Frankness is one of his virtues and one of his loose faults. He has always been too plain and direct in his speech, too positive and absolute in his statements; but being calm, self-possessed, dignified, and reasonable in his disposition, his frankness has generally been in the right direction.Sizer inferred "that his passions have not been of that controlling, energetic character calculated to wear out and enervate the physical system." But, according to Emmons, Phillips's sight and hearing were failing, along with his mental powers. "One tooth remains."
Phillips rose at the 1860 gathering in his honor, gave a few sentences of thanks, and concluded, "Here I stand a monument to God's goodness."
As scrupulous as Emmons was with Phillips's biography, and Sizer with his head, they did not so good a job of giving his life substance as did lawyer A. P. Taylor, the president of the birthday assembly. He said, in part, that Phillips's life had passed
during some of the most interesting periods in the history of our country—periods full of intense anxiety and thrilling events. He lived, in his childhood and youth, an unwilling subject of the King of Great Britain; he lived when the first blood was shed for American liberty; he lived when that august and illustrious band of patriots assembled at Philadelphia and declared these colonies free and independent; he lived through all that dark and stormy period of the American Revolution—that period of romantic incident and heroic bravery—when the oft repeated wrongs of cruelty and oppression gave impulse to deeds of the most manly daring; he lived to see the colonies free and independent—to see the Constitution, that great charter of civil and religious liberty, framed and adopted...
He has lived, also, in a period of the most wonderful inventions—inventions which have astonished even the inventors; when steam has been successfully applied as a propelling power, not only to the varied operations of mechanical industry, but to the locomotive, which travels with unheard-of power and speed; and to the vessel, which navigates the river, the lake and the ocean—a period, too, when knowledge and information are telegraphed from one section of the country to another, however remote, with almost the rapidity of thought.
He has lived, too, to see his country honored, the first of any nation, by an embassy from Japan—that oriental nation which has lived in seclusion for centuries. He has lived, also, to hear this day, the telegraphic announcement of the arrival at New York of the Great Eastern, that Monarch of the billows!—that great Leviathan steamer of the deep!—and for this event he has waited with the utmost patience to hear—just one hundred years!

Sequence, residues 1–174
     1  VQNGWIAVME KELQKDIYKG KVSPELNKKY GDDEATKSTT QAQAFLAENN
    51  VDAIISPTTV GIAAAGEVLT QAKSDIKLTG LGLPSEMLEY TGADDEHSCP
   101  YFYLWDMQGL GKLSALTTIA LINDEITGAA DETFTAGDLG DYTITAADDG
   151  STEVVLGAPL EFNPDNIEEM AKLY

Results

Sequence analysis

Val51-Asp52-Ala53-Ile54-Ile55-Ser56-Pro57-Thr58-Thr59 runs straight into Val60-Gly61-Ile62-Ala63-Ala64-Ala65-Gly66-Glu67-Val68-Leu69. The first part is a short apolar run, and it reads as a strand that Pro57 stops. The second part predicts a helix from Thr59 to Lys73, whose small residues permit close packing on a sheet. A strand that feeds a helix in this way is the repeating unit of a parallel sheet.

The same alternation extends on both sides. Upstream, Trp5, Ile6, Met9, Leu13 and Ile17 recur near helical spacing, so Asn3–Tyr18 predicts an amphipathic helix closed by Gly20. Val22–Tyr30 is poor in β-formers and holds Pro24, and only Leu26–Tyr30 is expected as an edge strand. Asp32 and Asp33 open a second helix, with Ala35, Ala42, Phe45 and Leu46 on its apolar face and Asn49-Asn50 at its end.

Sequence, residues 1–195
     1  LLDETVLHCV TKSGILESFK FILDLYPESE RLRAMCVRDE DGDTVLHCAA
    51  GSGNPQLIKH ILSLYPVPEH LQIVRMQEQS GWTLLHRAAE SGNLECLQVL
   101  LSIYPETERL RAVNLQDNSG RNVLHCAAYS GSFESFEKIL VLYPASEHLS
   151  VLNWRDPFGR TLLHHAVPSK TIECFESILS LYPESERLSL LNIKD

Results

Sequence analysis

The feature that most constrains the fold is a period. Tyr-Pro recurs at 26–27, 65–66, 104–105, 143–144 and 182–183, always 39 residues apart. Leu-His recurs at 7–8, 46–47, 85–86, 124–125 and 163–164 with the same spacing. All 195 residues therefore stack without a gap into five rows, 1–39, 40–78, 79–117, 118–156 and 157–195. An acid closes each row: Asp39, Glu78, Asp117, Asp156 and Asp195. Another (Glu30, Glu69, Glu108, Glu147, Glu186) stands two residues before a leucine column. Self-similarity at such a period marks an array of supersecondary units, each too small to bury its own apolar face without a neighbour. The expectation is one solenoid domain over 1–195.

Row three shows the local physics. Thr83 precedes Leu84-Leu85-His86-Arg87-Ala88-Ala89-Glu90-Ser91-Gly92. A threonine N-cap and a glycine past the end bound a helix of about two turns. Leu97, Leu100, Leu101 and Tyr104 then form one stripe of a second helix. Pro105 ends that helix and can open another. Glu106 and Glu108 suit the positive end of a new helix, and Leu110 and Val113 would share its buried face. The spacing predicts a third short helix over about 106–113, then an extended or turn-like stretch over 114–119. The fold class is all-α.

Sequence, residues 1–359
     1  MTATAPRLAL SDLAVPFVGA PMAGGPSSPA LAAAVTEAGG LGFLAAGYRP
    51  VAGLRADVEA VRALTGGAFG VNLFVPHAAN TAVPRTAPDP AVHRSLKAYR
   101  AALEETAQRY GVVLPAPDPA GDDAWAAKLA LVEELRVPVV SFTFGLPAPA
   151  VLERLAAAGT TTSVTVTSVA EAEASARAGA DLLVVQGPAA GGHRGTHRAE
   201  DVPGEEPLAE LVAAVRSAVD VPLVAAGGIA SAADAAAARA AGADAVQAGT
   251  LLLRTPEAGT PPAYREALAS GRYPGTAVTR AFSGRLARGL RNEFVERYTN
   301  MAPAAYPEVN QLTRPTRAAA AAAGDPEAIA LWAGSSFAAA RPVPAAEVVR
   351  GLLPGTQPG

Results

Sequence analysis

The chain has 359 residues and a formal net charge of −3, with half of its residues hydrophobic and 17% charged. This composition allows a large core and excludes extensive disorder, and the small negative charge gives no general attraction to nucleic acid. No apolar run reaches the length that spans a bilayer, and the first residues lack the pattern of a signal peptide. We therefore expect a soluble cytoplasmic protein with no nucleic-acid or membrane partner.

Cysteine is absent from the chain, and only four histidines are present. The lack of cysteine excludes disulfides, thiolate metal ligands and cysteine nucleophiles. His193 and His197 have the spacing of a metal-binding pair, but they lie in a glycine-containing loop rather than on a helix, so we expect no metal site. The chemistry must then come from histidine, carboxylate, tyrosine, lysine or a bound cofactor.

He has lived, too, to see the general diffusion of learning and knowledge—the great and unparalleled prosperity of his country; to see its population multiplied in a tenfold proportion; also to see "the area of freedom extended" over a vast domain, whereby the germs of civil liberty span the continent, extending even from ocean to ocean,
"O'er the land of the free
And the home of the brave."
Phillips likely voted for Thomas Jefferson in 1797, 1801, and 1805, for James Madison in 1809 and 1813, and James Monroe in 1817 and 1822. For the next thirty-two years, nothing more can be made than a guess. In 1854 he went with the losing Fremont-Dayton ticket. If he hadn't been ill, he said, he would have voted Lincoln-Hamlin in 1860, "For in politics, I am a Republican, and I will vote this ticket as long as I live."
He died February 25, 1865.
A person going to the polls this November could match Phillips's record if he had cast a ballot in 1928, when Republican Herbert Hoover defeated Democrat Al Smith and Socialist Norman Thomas.
Which is to say that any ninety-six-year-old member of the electorate, and there are many, could surpass Deacon John Phillips's ballot-casting performance this year.
A voter could do worse than aspire to his record or to be be described as Emmons did Phillips when he took his final measure:
"He has ever sustained the reputation of being an honest, upright, and industrious man, a kind and obliging neighbor, and a good citizen."
J. Hunter Barbour contributes occasional off-beat articles to the journal.